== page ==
Exposing the Israeli lie that they are the only democracy in the Middle East. Actually Israel is anything but a democracy since only about 20% of the population are allowed to vote.

Richard Le Sarc
Richard Le Sarc

Israel is an ethnocracy. An apartheid State for its 20% Arab ‘citizens’ who face at least sixty discriminatory laws and regulations, and the undisguised hatred of many in the Jewish population, particularly the hard Right political forces, and something much, much, worse for the imprisoned Palestinians and illegal immigrants etc. An Evil State, like so many others, but one that we are being ORDERED to worship and NEVER criticise, on pain of retribution.

Robbobbobin
Robbobbobin

Democracies also get to choose their electorate, just as Israel has, and ancient Greece, the Old South and many others did. And still do. India springs to mind. Israel is a democracy. Don’t like it? Stop worshipping at the feet of ‘Democracy’; start thinking about the meaning of democracy.

Robbobbobin
Robbobbobin

Typo: second emphasis in the wrong place. Should have been on ‘thinking‘.

Jen
Jen

My understanding is that former President Rafsanjani amassed a huge amount of wealth and property during his time in the job for himself and his family, and current President Rouhani has been pursuing policies inclined towards austerity, so to describe their followers and allies as “reformist” seems a misnomer.

In a country where political power seems to be dispersed among the Supreme Leader, the President, the Islamic Consultative Assembly and various other institutions like the IRGC and the clerical class, I doubt that poor people and people in rural areas – whose needs are catered for by bonyads (non-profit charities and trusts) run by the IRGC and other Islamic institutions and individuals outside the official government system – care much at all for voting in the legislative elections.

The Presidential elections would seem to be more significant to voters than the legislative elections, as would the selection of a new Supreme Leader when Khamenei either dies or retires.

Gall

You probably got your CIA merit badge for posting this crap. It’s all talk without evidence such as that they are building nuclear weapons despite actual evidence by the IAEA and NIEs by your own agency.

Jen
Jen

I certainly would not have thought there was anything suspect in my observation that current Iranian President Hassan Rouhani’s economic policies have made most Iranian people’s lives harder by cutting into social welfare spending and mismanaging the economy and focusing on policies favouring foreign and domestic private investment at the expense of public infrastructure investment.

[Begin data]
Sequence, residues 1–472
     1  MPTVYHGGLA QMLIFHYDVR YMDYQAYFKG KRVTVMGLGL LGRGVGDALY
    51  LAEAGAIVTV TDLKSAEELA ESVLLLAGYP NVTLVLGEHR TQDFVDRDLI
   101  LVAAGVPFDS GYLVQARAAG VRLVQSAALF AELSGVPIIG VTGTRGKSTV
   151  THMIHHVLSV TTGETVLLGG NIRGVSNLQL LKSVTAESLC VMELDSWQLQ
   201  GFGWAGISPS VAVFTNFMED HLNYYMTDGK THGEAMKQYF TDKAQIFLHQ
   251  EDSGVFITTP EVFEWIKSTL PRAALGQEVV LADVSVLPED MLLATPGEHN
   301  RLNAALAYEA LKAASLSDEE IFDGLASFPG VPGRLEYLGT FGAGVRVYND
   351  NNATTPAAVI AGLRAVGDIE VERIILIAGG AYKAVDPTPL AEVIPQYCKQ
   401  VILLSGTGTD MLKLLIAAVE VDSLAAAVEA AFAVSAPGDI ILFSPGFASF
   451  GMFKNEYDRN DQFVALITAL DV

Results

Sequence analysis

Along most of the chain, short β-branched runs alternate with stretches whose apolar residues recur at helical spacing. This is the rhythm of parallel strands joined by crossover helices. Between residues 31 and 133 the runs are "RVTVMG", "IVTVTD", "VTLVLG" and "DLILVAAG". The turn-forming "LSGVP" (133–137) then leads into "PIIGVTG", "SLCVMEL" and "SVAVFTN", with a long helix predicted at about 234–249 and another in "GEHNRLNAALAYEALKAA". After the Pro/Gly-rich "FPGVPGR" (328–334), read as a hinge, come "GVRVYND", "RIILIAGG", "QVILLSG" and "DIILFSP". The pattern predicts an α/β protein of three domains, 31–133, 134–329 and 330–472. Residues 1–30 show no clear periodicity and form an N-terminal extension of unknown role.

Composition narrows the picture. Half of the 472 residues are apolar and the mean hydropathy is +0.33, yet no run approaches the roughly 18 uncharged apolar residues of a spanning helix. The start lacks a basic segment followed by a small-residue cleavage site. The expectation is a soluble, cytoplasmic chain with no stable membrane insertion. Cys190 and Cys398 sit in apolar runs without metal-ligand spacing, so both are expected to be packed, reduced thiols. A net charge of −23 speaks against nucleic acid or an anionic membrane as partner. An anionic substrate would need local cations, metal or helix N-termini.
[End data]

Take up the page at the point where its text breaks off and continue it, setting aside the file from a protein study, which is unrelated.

Faced with a government like that, no wonder most Iranians might have better things to do – like trying to survive thanks to the burdens the Rouhani government has saddled them with – than vote in the legislative elections. They might well prefer to look ahead to the next Presidential elections when they can turf Rouhani and his neoliberal policies out.

Neither did I think I did wrong in suggesting that the former President Ali Akbar Hashemi Rafsanjani might have guilty of nepotism.

Many Iranians take a dim view of the principle of hereditary influence in politics. The clan of ex-President Akbar Hashemi Rafsanjani, who died in January, has in particular become the target of hostility and allegations of corruption – many of them justified, but others probably politically motivated. Three of Rafsanjani’s children, Fatemeh, Faezeh and Mohsen, are themselves active in politics, while the fourth, Mehdi, is a businessman. Convicted of corruption, he is currently serving a long prison sentence.

Some commenters here at Off-Guardian should think and ask questions before shooting their mouths off and making themselves look like fools.

Jen
Jen

The previous legislative elections in 2012 and 2016 had low voter turnouts as Alireza Hashemi’s article states. What might the low voter turnouts – on part with voter turnouts in parliamentary elections in some Western countries – tell you about what most Iranian voters think of the politicians in the Islamic Consultative Assembly or the Assembly itself?

It may well be that the legislative function in the Iranian government is rather less important than the executive function (the President) and perhaps the Iranians rate the presidential elections, due to be held in 2021, after which Rouhani must step down as President because he will have served two terms and cannot serve a third successive term, as more important. Voter turnout in the 2017 Presidential elections was 73%.

What is crap about stating that President Rouhani and his neoliberal policies have been a disaster for Iran?

Richard Le Sarc
Richard Le Sarc

It appears to follow the Western MSM’s hate propaganda line that totally ignores the murderously vicious and extra-territorial US sanctions regime, and blames the victims instead, a typically Evil and mendacious Western MSM tactic. Neoliberal policies are, as you make clear, anti-human, and the worst response to the sanctions regime possible.

Dungroanin
Dungroanin

How many postal voters?